A diastema essentially means a gap in one’s teeth. These gaps can exist anywhere inside the mouth, but they’re more commonly seen between your two front teeth. This is usually a cosmetic concern, but it can also lead to gum disease.
An impacted tooth is a tooth that’s been blocked from erupting outside the gum. A tooth can be semi-impacted, which means that it has only started to break through. Sometimes impacted teeth don’t present obvious symptoms and are only found when the patient is getting a dental x-ray. Some signs of an impacted tooth are bad breath, swollen or bleeding gums, and difficulty in opening one’s mouth.
People who have hypodontia are born with missing teeth. This is usually due to poor development of teeth or a result of trauma. Their teeth never develop, and in most cases, hypodontia is caused by genetic reasons.
The Common Causes of Orthodontic Malocclusion
While orthodontic malocclusion typically stems from hereditary factors, it can also manifest due to certain habits or conditions that impact the changes in the jaw’s structure and shape. Other common causes of orthodontic malocclusion are the following:
- Thumb sucking
- Dental trauma or injuries
- Cleft lip and palate
- Tooth loss
- Mouth tumors
- Impacted tooth
- Prolonged use of a pacifier
- Bottle feeding
- Neglecting oral care
- Obstruction of the airway due to allergies or enlarged adenoids
How Orthodontists Can Treat Your Child’s Orthodontic Malocclusion
So, how exactly can orthodontists help in treating your child’s orthodontic malocclusion? There are several ways to go about it. Having a one-on-one consultation with the orthodontist will generate better insight, but here are the different treatment options that your orthodontist will most likely recommend.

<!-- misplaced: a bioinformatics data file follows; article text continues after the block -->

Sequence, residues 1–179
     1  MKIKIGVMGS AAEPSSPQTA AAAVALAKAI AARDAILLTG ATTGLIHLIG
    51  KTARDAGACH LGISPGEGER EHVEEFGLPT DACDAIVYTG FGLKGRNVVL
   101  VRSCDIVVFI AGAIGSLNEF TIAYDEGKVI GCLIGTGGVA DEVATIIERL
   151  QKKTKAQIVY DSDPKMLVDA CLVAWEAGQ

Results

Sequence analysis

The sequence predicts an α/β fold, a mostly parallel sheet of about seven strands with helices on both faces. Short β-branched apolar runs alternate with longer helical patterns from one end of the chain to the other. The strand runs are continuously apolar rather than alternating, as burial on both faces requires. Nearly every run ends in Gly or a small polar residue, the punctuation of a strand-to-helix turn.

Proven to be one of the oldest yet most effective malocclusion treatments, braces are still a common treatment option for children. Braces fix the jaw and teeth’s alignment in order to enhance one’s bite and smile. Depending on the severity of your child’s malocclusion, the orthodontist may suggest either metal, ceramic, or lingual braces.
Retainers are usually given after braces treatment in order to maintain the teeth’s alignment that has been corrected by the said treatment. They are usually custom-made to fit the shape of your child’s teeth. The overall length of the treatment will vary depending on the bite’s condition.
Invisalign is a popular orthodontic treatment that corrects malocclusion, whether that be an overbite, underbite, crossbite, or open bite. It utilizes a set of clear, removable aligners. It often goes unnoticed by other people, making it a suitable option if your child feels self-conscious.
Partner With Kangaroo Smiles to Fix Your Kid’s Orthodontic Malocclusion!
Depending on the severity of your child’s orthodontic malocclusion, the orthodontic treatment can last up to two years. The treatment is suitable for children, and Kangaroo Smiles ensures that your child has a safe and comfortable orthodontic experience with us!
You may send us an inquiry, and we’ll be happy to assist you! Once you and your child are ready, it’s time to schedule an initial consultation so that we can assess the best treatment option for your child.